The workforce development field is focused on helping people get the technical skills and the jobs they need to sustain themselves and their family. It's about connecting employers who need skilled workers and ideally building a system of successful organizations because no one organization can do it all. Workforce development organizations must collectively understand the labor supply issues in a region and develop strategies for people to get jobs and businesses to get skilled workers.
Philanthropedia’s experts (funders, researchers, nonprofit senior staff, government officials, etc.) identified 17 top workforce development nonprofits (out of 151 total reviewed nonprofits) making an impact at the national level. We asked experts to recommend nonprofits focused on job retention/stability, advancement to better jobs, capacity and skill building, helping the formerly homeless, imprisoned, and hospitalized to move to work, and/or helping employers to invest in their own workforce. These nonprofits could work with various populations: adults with low literacy skills, adults or youth with disabilities, immigrants, refugees, youth, welfare recipients, businesses, or the community at large. And these nonprofits could focus on different kinds of activities: policy, research, advocacy, direct services, education, technical assistance, job training programs, etc. Specifically excluded from consideration were for-profit organizations such as head hunting and for-profit staff placement companies.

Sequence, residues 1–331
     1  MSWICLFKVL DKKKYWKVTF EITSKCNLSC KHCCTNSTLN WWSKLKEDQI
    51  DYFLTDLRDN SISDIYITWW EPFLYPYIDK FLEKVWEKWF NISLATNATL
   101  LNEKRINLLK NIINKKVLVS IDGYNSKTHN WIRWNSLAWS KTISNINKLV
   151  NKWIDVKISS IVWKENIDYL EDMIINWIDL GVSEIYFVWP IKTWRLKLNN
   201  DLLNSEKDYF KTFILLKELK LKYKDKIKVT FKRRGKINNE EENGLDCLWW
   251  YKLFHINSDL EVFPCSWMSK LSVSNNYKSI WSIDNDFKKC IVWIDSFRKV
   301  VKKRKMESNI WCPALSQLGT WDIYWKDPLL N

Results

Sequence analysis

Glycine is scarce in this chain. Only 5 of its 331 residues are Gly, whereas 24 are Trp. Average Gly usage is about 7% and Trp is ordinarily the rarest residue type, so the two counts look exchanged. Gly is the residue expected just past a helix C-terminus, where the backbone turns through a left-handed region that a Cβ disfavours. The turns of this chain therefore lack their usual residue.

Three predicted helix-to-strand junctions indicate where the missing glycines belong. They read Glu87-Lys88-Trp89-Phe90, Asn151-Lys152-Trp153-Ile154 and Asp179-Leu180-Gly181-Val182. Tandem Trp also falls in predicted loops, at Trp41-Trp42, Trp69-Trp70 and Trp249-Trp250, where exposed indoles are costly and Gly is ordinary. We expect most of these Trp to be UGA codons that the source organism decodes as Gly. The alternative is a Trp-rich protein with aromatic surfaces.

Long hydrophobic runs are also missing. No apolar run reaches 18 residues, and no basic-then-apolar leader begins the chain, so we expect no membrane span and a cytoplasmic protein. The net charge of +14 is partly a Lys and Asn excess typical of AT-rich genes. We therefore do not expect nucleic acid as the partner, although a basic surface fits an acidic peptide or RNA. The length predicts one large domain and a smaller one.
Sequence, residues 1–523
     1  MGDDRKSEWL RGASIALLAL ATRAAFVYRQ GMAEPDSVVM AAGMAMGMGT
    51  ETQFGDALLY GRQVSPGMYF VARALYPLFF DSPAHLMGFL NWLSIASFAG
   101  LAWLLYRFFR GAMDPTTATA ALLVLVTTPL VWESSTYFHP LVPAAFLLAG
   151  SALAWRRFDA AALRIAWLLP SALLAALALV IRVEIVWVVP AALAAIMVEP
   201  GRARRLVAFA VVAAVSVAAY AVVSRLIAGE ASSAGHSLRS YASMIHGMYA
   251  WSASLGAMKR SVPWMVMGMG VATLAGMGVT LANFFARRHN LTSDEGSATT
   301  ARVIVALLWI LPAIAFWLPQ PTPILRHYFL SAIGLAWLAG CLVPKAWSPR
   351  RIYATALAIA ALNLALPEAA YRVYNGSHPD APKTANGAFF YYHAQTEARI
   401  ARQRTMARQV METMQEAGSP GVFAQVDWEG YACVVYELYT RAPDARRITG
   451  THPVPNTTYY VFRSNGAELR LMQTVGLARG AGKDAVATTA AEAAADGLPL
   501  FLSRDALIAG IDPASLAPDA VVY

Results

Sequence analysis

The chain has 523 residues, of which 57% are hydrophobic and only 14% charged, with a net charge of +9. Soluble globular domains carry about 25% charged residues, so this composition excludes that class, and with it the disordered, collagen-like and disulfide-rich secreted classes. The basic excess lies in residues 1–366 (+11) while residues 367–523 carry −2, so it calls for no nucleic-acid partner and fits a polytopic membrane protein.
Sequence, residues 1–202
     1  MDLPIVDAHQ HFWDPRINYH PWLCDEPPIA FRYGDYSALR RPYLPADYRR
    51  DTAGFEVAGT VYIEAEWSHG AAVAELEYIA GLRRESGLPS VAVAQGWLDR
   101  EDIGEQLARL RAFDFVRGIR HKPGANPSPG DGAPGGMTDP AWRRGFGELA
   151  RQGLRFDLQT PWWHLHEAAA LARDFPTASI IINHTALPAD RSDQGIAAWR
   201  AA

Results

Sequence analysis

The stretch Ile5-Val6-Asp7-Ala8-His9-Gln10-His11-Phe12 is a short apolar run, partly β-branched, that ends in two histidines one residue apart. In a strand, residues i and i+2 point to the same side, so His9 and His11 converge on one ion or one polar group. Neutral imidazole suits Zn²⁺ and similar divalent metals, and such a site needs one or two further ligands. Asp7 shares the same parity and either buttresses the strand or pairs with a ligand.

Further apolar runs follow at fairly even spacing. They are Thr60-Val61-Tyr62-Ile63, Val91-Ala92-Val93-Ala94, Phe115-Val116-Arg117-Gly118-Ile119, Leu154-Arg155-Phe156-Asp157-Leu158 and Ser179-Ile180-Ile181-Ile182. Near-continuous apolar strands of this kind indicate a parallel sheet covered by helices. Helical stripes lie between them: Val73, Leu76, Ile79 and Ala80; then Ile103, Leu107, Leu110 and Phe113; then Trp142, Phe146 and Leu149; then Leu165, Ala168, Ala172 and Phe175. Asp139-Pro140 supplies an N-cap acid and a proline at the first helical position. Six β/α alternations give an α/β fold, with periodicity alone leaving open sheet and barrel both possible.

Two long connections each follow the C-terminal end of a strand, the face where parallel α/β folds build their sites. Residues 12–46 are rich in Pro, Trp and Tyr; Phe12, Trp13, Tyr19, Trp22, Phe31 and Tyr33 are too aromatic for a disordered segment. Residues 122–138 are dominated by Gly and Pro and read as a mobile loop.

Given the economic crisis, we felt that workforce development was a very relevant and important field for our country right now. Therefore, Philanthropedia surveyed 121 national workforce development experts (with an average of 16 years of work experience in the field) to identify those organizations that were making the biggest impact in the field.
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